Marriage, also known as matrimony or wedded marriage is a legally recognized union between individuals termed as married couples. It clearly sets forth duties and rights between them, and also between them and their minor children, who are regarded as dependents on the parents. Marriage in the widest sense can be defined as the voluntary union of two adults with the intention of having a permanent marital relationship.
Marriage, though different from heterosexual relationships, shares some of the same traits that define marital relationships. There are several societal pressures that encourage the institution of marriage, which tend to differ from those found in opposite-sex relationships. These include cultural expectations regarding gender roles, norms regarding age differences and sexuality, the role of marriage in society, and the role of the family in reinforcing these various aspects of society. These societal pressures have helped to create the conditions that lead to the increased frequency of marriage, both among married couples and among single people.
The factors that contribute to the increased frequency of marriage vary according to the location and culture of each country. For instance, while it has been seen in some developing countries that the frequency of arranged marriage is far higher than in developed countries, this is not the case everywhere. Similarly, age differences have been noted between married couples of the same age and in same-sex marriage relationships, which appear to be genetically-related, though there may also be other underlying factors contributing to such a phenomenon.
Marriage in the United States has also become somewhat more common over time, with same-sex couples increasing the overall number of marriages. This trend is particularly noted in states that have traditionally had lower marriage rates. States in which same-sex marriages are more common have fewer divorce cases, more stable unions, and higher rates of happiness and overall psychological health. While it is still illegal in many states for same-sex couples to wed, the trend toward same-sex weddings has been especially rapid in the United States, where it has become a hot topic in political debates over the past decade.
The increasing occurrence of same-sex couples and the decreasing marriage rate in the United States are not isolated phenomena. The recent political debate about same-sex marriage has spurred an interest in understanding why same-sex couples are more likely to have successful relationships and have a better chance at creating a successful family unit. It is no secret that there are many challenges that face gay and lesbian people and families, and marriage is often cited as one of the best ways to deal with the unique circumstances that face so many diverse groups. Although the desire to marry is something that is shared by a significant proportion of gay and lesbian people, the pattern of results when this desire is pursued is still relatively weak. A possible reason for this discrepancy could be the pattern of differences between states that legally allow same-sex marriages and those that do not; while same-sex couples do enjoy marriage equality in many states, the actual numbers of same-sex weddings performed in these states is lower than the national average.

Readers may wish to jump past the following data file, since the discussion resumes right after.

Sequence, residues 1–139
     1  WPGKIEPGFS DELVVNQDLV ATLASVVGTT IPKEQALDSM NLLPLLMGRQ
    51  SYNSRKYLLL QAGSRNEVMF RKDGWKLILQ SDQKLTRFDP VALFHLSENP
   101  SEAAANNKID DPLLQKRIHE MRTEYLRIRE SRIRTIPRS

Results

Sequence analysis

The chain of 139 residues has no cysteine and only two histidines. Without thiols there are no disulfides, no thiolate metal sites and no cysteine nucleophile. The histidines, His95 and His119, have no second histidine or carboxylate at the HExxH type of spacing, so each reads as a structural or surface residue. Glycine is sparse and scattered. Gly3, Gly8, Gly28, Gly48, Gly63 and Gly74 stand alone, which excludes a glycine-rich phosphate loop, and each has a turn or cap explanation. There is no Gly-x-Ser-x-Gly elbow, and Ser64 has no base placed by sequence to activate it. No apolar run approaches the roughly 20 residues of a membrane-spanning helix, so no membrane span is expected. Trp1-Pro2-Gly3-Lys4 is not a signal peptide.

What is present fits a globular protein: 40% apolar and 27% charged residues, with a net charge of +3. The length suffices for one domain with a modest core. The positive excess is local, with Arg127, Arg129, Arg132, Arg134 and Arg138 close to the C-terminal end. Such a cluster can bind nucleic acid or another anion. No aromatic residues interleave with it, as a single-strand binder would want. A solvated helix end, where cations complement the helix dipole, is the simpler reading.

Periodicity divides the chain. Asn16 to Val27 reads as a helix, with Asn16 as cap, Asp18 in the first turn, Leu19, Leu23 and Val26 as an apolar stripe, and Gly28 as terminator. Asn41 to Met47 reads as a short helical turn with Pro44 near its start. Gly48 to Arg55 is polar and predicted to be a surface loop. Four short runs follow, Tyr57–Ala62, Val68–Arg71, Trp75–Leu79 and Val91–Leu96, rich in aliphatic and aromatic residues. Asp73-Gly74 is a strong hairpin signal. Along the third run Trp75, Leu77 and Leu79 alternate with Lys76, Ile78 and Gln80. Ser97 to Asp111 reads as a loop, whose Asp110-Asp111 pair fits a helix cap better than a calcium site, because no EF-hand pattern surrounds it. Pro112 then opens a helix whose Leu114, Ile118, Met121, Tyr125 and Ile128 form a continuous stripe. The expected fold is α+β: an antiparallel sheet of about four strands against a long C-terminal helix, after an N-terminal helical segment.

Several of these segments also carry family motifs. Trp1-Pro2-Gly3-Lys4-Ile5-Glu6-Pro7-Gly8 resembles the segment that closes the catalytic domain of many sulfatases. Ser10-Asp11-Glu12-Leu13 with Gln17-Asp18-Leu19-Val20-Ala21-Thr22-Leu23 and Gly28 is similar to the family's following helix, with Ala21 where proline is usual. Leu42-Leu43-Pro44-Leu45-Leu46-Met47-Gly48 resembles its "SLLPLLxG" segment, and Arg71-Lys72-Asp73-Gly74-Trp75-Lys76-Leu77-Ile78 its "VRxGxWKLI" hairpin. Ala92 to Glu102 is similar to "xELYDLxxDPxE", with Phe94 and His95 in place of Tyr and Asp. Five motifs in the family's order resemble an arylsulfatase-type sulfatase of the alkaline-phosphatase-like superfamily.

There is a wealth of empirical research on the question of whether or not same-sex couples have a higher chance of experiencing emotional and relationship problems than their heterosexual counterparts. Much of this research comes from Dr. Patrick Sussman’s two volume work, Same Sex Marriage: A Scientific Look at the Problems and Benefits of Marriage for Gays and Lesbians. In his study, Sussman examined over half a million married couples in the New York State between 2004 and 2009. While he found no difference in the amount of relationship stress experienced by the men and women in the sample, he did note that the men in the sample had a significantly greater number of relationship complaints than the women. The difference in complaints was notably greater for the women than it was for the men, which Sussman said might be due to the fact that traditionally, gay men are more likely to be involved in relationships that are considered to be less conventional and involve more complex dynamics.